Source: Uniform prices for differentiated goods: The case of the movie-theater industry (Barak Y. Orbach, Liran Einav; 2007; International Review of Law and Economics [PDF]
UNIFORM PRICES FOR DIFFERENTIATED GOODS: THE CASE OF THE MOVIE-THEATER INDUSTRY (Liran Einav, Barak Y. Orbach; Discussion Paper No. 337; 10/2001; Harvard) [PDF]
The Exhibition side gets the largest share (45%) of the ticket money, but they only bank locally, on however many spectators come to their cinema house ($3.4 multiplied by the auditorium capacity, multiplied by the number of shows per day, multiplied by the days it will be running) and they have many expenses/bills (real estate, upkeep, services, clerks, heating/air-conditioning, electricity...). Though they do make at least as much profit from concession stands and commercial space.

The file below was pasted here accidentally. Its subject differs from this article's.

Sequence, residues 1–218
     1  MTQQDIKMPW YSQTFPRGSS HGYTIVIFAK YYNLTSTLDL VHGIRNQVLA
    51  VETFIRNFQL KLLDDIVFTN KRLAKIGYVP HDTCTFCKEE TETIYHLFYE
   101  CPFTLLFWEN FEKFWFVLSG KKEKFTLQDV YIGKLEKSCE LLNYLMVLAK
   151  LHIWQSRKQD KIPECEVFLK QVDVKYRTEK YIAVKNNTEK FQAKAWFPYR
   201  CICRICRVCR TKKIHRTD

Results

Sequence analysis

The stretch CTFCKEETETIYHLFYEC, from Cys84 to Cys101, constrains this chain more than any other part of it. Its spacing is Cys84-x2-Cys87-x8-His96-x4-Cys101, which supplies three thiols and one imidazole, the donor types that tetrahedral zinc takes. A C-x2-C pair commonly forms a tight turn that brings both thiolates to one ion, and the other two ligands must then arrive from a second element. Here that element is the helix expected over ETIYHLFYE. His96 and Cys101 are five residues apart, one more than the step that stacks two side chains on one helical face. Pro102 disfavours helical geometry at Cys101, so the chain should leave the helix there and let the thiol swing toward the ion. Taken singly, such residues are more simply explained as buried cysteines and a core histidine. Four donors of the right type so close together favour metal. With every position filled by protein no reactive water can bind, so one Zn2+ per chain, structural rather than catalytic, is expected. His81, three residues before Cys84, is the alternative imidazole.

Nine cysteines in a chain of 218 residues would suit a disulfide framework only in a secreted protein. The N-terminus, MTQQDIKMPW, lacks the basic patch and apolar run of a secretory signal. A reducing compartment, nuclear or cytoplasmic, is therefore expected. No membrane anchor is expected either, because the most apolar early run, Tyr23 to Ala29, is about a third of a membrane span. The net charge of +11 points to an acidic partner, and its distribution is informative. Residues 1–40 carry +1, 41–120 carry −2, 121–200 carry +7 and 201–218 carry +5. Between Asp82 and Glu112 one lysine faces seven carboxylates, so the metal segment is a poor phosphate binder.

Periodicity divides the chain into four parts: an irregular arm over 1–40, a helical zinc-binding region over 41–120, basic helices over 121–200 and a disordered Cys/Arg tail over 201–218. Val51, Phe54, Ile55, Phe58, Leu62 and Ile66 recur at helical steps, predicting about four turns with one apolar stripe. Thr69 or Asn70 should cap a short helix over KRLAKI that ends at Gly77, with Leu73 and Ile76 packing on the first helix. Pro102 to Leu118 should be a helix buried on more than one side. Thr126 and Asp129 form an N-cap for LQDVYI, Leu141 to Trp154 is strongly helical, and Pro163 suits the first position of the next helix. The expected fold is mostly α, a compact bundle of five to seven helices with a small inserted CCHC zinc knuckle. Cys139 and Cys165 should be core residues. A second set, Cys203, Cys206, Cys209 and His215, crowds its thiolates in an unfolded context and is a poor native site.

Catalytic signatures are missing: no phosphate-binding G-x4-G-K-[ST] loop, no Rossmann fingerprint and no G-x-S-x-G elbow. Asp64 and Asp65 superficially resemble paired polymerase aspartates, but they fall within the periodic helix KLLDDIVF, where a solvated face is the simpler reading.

Meanwhile the Production side (in red) is split between various departments, but they bank globally on ALL spectators EVERYWHERE the movie has been screened.
Also, the advertising gets the largest share (21%) but they have a huge investment to pay back, just like the Set production (in today's practices, the advertising budget for blockbuster movies goes between a third and a half of the total movie budget). And they have to split the benefits between a large team of employees. The Distribution's share is smaller (only 11%) but the cost of printing (or DCP Digital Cienma Package nowadays) and shipping is smaller (they also RENT the rights to project a film to exhibitors).
The actors get only 6% but their investment is null and they bank it ALL for themselves.